I thought that Europe was the last 2014 trip, but there was one more, an overnight to Dallas/Fort Worth for a 2015 planning meeting with consulting client SmartKargo. Up at 4:30 on Friday the 19th, east to National Airport, and a flight to Texas. The conventional wisdom, dispensed almost daily in the media, is that flying in an airliner is a terrible experience. Dear readers, you won’t be surprised to read that I strongly disagree with this assessment – and not just because I’ve spent nearly my entire working life advancing the business of flight. So seat 14C became, for three hours, a superb place to work, to think, to reflect on a good year. To write a few paragraphs of the annual Britton holiday letter.
We landed a little after ten, and my SmartKargo colleague Jay Shelat picked me up. While waiting for him, I snapped a couple of “why I worked in the airline business” pictures: families reuniting. Those scenes brought a smile, as they always do. Jay and I stopped for a coffee and discussion, then headed to his house in nearby Southlake (when you’re working for a start-up, you’re happy to stay in someone’s home). Had a nice chat with Jay’s wife, Usha, who I had not seen since visiting them in Mumbai six years earlier. Their younger child, Priyanka, was 11 then, and at 17 she’s a young adult. At 1:30, SmartKargo CEO Milind Tavshikar arrived with wife Radhika and two pre-teen sons. Time for Indian lunch, yum, then we got on a couple of back-to-back phone conferences, followed by a few hours of thinking about 2015.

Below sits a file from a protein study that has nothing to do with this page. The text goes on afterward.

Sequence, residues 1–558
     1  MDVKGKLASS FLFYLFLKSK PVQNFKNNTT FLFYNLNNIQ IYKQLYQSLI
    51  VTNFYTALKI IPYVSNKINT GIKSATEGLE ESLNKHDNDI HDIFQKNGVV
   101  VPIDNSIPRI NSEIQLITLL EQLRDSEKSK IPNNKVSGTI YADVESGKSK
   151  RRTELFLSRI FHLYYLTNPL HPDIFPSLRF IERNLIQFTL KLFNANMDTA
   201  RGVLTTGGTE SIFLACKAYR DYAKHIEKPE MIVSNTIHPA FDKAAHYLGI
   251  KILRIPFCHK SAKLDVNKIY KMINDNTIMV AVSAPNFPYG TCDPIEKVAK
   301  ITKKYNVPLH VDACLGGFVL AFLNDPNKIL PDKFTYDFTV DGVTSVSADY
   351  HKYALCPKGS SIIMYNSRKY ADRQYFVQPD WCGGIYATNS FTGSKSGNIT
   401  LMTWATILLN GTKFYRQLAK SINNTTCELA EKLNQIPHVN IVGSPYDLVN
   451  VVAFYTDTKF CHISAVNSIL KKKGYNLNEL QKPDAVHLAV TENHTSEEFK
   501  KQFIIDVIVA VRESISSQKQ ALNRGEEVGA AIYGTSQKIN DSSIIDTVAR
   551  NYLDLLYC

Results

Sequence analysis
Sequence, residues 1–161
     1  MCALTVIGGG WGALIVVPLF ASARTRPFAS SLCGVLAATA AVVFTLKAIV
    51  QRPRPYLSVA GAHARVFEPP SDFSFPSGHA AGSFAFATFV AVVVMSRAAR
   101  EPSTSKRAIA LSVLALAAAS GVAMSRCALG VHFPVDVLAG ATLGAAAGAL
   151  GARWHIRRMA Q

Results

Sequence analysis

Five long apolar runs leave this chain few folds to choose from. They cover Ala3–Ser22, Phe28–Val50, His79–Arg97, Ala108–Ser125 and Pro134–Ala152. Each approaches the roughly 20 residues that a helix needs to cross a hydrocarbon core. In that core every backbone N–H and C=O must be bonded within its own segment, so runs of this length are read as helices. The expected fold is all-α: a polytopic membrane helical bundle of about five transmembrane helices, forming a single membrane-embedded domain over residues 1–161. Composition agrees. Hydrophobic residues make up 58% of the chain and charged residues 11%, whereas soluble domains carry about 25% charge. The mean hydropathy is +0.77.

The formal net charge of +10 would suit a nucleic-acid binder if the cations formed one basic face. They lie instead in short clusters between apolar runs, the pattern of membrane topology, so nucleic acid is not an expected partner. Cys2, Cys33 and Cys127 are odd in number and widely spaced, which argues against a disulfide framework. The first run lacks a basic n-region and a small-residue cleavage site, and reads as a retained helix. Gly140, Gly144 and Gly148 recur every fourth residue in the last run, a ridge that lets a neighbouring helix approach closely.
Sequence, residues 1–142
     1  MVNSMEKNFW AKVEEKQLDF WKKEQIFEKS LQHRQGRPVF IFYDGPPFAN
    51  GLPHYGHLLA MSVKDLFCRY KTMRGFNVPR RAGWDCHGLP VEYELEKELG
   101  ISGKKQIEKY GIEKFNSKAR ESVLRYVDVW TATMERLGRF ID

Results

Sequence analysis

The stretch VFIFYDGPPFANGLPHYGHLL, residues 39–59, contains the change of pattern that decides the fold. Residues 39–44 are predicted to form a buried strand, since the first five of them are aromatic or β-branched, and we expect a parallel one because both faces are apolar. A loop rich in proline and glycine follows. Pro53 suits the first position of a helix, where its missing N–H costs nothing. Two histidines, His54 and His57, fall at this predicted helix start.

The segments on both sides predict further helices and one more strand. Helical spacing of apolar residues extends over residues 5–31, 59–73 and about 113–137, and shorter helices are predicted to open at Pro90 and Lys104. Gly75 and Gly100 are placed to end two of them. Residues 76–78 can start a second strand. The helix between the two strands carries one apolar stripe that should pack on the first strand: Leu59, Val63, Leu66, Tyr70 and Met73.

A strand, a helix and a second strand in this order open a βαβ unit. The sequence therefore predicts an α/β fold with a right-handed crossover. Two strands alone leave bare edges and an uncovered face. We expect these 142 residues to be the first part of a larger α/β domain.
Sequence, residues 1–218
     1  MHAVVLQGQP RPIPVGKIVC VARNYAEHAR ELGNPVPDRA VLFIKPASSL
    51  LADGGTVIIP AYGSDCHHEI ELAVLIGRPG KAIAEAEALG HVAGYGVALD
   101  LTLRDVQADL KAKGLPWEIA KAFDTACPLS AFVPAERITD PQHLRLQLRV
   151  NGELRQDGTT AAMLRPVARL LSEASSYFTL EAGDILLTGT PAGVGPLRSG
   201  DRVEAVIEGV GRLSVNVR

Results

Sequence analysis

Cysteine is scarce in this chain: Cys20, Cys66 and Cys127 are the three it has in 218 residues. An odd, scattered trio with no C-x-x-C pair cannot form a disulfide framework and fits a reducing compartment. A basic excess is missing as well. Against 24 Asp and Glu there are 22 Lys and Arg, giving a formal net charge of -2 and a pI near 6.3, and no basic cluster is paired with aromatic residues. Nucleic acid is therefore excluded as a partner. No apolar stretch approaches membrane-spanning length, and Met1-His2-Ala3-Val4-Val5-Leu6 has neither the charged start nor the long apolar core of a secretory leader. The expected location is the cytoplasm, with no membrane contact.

At 7:15, Jay, Milind, and I headed ten miles east to an Indian restaurant, where we met Mark and Dave, current and retired AA cargo execs, for a wonderful meal and informal discussion about the cargo business. Great to see old pals. Asleep by 10:30, up at 6, back to the airport and home for Christmas.
As the plane pushed back from gate C26, a nice “nonverbal T-t-S”: from my window seat, caught the eye of the wing walker, the AA person responsible for safe ramp movement. I waved and smiled. He seemed surprised by the interaction; he returned the smile and waved vigorously, then saluted me with his flashlight. I waved back: the salute, I thought, should go in the other direction, to another of all the people who make flying safe and reliable.